Testosterone: It's Not Just for Muscle Anymore

In a recent article Mike Stone PhD, spoke about the “bad rap” testosterone has gotten for the last twenty years, or so. Body builders have been known to take large doses of testosterone to build muscle and, as he writes, “Since thousands of young men took testosterone for athletic improvement, it became a controlled substance by the Federal Drug Administration.” However, considering the number of young men who have used testosterone and the length of time they’ve been using it, the number of side effects that have occurred are incredibly small.

But the benefits of testosterone in patients are not limited to increased muscle mass. Stone writes, “If you are 50, 60, or 70 and look at your muscle mass in the mirror, I think you will realize that it is not what it was at 20 or 30 years of age.” Testosterone levels are at their peak when men are in their late teens and early twenties, slowly dropping-off throughout our adult life. At age fifty testosterone levels are less than half of what they were when we were 20; by age 70 these levels are substantially lower.

"The benefits of testosterone in patients are not limited to increased muscle mass"

Contrary to popular belief, Testosterone is found in females as well and it has basically the same effect on females that it has on males. “The major effects of testosterone are decreased fat and increased muscle mass ratio, improved skin thickness, improved cardiac output, improved bone density, improved mental acuity, and of course, improved sex drive and function,” Stone writes. He goes on to say that the greatest concentration of testosterone can be found in cardiac muscle. Numerous European studies show that testosterone is a safe and effective way to increase and maintain good cardiac muscle, thus helping prevent cardiac failure with advancing age.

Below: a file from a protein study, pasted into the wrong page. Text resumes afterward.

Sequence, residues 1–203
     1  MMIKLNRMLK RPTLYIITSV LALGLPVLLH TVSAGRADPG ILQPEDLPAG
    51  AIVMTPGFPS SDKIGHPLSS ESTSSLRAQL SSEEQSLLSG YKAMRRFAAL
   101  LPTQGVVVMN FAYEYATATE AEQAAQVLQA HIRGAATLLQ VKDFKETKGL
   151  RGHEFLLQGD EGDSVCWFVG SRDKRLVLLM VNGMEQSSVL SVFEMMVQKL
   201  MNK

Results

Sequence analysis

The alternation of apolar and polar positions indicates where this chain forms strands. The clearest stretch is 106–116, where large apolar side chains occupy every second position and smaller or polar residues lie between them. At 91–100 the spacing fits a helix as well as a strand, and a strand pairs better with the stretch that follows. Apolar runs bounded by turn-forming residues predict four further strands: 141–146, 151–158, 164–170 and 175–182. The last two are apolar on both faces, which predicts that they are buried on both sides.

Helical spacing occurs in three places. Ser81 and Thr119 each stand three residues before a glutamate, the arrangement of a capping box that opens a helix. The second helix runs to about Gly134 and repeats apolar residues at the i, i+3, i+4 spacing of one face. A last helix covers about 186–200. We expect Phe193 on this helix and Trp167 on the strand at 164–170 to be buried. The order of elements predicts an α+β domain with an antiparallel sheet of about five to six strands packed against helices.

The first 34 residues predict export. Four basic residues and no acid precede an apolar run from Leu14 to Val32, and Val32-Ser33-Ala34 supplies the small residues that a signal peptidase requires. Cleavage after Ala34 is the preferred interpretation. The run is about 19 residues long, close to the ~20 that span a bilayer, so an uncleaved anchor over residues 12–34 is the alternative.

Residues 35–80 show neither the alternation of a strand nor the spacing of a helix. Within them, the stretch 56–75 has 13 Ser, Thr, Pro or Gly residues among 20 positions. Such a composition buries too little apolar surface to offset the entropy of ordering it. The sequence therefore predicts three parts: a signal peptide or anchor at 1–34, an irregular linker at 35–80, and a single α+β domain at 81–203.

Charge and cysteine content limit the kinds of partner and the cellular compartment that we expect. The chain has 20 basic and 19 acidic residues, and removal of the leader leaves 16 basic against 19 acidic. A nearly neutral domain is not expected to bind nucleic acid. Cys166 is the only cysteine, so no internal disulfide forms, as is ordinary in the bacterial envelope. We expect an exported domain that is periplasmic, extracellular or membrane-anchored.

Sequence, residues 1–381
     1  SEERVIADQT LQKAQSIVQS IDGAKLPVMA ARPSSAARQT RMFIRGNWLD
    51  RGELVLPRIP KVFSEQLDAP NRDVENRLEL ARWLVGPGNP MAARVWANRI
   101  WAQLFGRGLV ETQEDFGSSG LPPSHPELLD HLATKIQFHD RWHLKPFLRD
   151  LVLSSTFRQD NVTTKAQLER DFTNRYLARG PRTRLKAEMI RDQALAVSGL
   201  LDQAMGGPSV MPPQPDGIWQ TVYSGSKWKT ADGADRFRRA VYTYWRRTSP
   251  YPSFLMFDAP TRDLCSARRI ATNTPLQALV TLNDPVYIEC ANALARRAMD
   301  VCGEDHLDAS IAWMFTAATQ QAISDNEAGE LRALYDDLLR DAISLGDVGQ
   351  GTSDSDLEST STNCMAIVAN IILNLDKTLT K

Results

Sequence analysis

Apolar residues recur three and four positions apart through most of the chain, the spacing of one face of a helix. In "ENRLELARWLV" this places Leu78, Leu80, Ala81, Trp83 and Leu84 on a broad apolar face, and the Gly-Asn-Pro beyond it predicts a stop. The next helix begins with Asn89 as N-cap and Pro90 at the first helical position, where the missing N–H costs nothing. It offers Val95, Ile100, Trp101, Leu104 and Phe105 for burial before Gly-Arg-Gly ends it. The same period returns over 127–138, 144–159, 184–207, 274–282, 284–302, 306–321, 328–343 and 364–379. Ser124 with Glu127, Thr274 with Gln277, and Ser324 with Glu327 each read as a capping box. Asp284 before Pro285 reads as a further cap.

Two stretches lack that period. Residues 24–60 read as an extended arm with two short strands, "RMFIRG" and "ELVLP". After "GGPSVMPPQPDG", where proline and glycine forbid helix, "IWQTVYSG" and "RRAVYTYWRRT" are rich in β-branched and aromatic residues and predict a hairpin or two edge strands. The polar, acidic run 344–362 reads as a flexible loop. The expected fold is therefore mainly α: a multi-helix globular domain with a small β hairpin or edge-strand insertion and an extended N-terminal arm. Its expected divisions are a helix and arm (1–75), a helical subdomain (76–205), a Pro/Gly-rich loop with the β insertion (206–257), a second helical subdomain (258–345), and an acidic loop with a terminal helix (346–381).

The old prejudices against hormone replacement therapy are beginning to fade into history and the use of testosterone in medical practice, particularly related to aging, is now widely accepted and growing. “Testosterone does not cause prostate cancer, but since testosterone stimulates all living tissue particularly the prostate, it might be found to increase the rate of growth of an existing prostate cancer,” Stone said, so these treatments are not recommended for patients who have prostate cancer. A knowlegeable physician will perform a PSA test prior to prescribing therapy and will monitor prostate antigen levels throughout treatment. This is why it is so important to work with a physician who specializes in Hormone Replacement Therapy. This physician will also order comprehensive blood work to determine your current testosterone levels and overall health. Armed with this information, he will prescribe a therapy to fit your specific needs.

Sources: http://ezinearticles.com/?Testosterone,-Not-Just-For-Muscles&id=1768904

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